As narrated earlier, mother executed all the plans for him, and, after her sudden death, Urvashi took over and decided everything. Both the respected women in his life and joint home, tended to treat him nothing more than an overgrown and talkative kid and he secretly enjoyed being treated that way only, refusing to grow up and do his daily chores, on his own, except driving and working in office, things that could not be outsourced to the two smart women of exceptional brains and patience. Cousins and friends taunted him as hen-pecked or Urvashi-worshipping guy but he did not care. “She is my universe. I revolve around her axis as an atom,” Vijay declared to whosoever was listening, most never did to a man considered spineless and infantile by the macho-men. Once, nine years after his marriage, Vijay overheard mother saying to his visiting aunt, “Urvashi has cast a spell on our Vijay who is very simple and vulnerable! He follows the dusky witch everywhere like a pup!” The maternal aunt had laughed and said, “Come on, Didi, have you not tamed our fierce Jijaji!” And both the sisters had laughed uproariously; making Vijay smile at this family’s open secret of a tough conquest.
So that was the pattern – he was the centre of family bantering for many years. He never minded these slings at his un-armoured self. These relatives! Always finding faults, always criticizing one another, whenever, wherever they met – funerals, weddings, birthdays, divorces.
He had turned indifferent.
Once, his brother had taunted him over drinks in the porch of the joint house, “When will you get over this Urvashi fixation, Bhai? There are others also of your family that equally count or should count, not this woman only.”
Vijay, red-eyed, had glowered at his younger brother, “My marriage survived. You? You could not even keep your wife, a poor country girl? Am I not better than you?”
They did not talk for a decade after that but Vijay felt, first time, alpha and a triumphant sibling, top of the pecking order, as the eldest heir to the legacy of an alpha father.
A real man who could hit back at the bullies! That was the verdict of an approving Urvashi and the judgment proved to be a booster to his failing libido due largely to a combo of “a punishing work schedule, a devil of a boss, taunts, blood pressure and stress,” as confessed once to his bored wife waiting for that elusive moment of manliness and ensuing bliss on that old marital bed.
As happens in every family, not yet fully dysfunctional, the members ultimately reconciled and the insults were forgotten over funerals and drinks – till fresh ones erupted.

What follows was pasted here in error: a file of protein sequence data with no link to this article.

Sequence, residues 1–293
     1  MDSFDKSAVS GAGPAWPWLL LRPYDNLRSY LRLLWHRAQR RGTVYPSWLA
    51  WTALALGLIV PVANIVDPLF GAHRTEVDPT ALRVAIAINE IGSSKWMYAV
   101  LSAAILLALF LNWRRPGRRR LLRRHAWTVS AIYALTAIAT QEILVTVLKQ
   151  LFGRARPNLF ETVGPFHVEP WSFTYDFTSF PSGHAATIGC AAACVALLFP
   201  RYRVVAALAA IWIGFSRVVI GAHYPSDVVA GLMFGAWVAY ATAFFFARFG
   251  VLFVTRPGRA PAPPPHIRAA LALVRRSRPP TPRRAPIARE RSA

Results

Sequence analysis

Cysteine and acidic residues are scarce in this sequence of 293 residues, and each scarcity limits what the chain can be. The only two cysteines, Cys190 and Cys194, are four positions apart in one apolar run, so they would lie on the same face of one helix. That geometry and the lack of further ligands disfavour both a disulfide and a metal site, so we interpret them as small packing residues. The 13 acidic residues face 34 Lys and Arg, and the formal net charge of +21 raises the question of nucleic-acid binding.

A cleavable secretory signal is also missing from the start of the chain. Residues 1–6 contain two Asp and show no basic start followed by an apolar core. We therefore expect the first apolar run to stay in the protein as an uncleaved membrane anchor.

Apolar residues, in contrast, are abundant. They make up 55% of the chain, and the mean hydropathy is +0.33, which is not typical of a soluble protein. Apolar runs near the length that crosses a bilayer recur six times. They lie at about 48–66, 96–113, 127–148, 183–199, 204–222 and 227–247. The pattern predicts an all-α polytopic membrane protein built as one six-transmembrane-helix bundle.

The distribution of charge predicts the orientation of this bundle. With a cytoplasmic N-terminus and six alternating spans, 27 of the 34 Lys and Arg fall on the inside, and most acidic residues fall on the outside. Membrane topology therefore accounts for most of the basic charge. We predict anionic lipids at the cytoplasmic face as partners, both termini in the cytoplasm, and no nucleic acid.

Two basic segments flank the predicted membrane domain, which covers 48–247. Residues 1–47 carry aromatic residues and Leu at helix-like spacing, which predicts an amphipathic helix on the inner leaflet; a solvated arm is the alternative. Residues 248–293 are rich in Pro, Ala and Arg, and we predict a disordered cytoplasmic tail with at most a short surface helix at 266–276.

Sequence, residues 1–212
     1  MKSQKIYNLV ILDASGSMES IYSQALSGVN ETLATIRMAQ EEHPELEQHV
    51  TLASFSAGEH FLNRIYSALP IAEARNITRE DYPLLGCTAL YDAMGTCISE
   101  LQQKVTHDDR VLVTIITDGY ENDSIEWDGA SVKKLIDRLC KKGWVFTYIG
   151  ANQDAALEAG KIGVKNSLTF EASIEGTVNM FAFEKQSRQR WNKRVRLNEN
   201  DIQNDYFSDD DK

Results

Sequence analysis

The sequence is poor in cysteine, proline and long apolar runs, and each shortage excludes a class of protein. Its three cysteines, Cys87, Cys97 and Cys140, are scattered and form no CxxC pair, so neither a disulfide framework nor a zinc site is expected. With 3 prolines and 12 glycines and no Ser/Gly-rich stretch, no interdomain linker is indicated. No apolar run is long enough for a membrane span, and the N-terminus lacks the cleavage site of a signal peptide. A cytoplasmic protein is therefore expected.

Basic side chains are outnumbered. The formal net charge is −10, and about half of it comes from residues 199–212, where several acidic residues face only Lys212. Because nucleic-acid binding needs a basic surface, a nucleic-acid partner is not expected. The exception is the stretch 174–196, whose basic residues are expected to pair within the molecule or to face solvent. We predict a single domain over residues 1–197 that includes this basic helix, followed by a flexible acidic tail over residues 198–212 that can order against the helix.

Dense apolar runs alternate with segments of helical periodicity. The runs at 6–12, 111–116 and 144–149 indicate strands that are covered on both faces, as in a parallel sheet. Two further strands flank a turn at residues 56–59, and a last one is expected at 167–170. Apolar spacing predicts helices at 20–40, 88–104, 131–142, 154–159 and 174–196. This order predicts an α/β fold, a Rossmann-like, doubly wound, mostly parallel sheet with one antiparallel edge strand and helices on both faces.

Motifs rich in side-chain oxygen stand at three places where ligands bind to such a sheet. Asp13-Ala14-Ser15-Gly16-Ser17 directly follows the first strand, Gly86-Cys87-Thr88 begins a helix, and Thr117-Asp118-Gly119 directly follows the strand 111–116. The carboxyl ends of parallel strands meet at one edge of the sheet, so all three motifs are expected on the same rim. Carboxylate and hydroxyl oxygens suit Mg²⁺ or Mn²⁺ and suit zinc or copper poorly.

After the death of amma, sorry, mother, Urvashi emerged as the first woman of the joint family; the real boss and matriarch and her decisions were final in the Kumar household, acceptable to his nonagenarian father, much mellowed-down due to a host of diseases and partially deaf to the utter delight of Urvashi.
And Vijay was happy to be under the sway of his wife of 40 years. She continued to treat him as a kid even at the age of 70 and he willingly submitted to her commandments and authority, having surrendered progressively his autonomy to a woman who has become the only force in his otherwise uneventful existence of an average guy; another one of the milling tenants on this crowded planet, now stripped of any false hopes, in the autumn of life, of any unrealized greatness and/ or winning any Nobel for his peace initiatives in the clan or neighbourhood or by a very long shot, for the Chemical researches he had worked on as part of a team headed by a brilliant scientist specializing in the field of molecular chemistry, especially, the next-generation of conducting polymers. The scientist had gone complete nuts, after his juniors often walked away with various prizes, including the Nobel, for allied research in Chemistry.
After that stage in his late career, Vijay lost every ambition of getting accolades and other official recognition.
Molecular chemistry, biology and nano particles were no longer a religion!
All those visions of glory were over. Vijay Kumar was quietly reconciled to his ordinary status as a senior citizen, post retirement, and, approaching mortality, although not that near and immediately imminent; he was sure of that feeling, despite some recent deaths of younger colleagues and relatives, middle of the nights or days.
His family called him Contented Vijay.
Father, in lucid moments, called him the Sage Vijay.
So that is the brief history of Vijay Kumar, now stuck in Greater Toronto, for more than three weeks, in the house of his first cousin – and feeling un-wanted already!
As claimed earlier, whenever he planned anything, it turned out to be something bang opposite.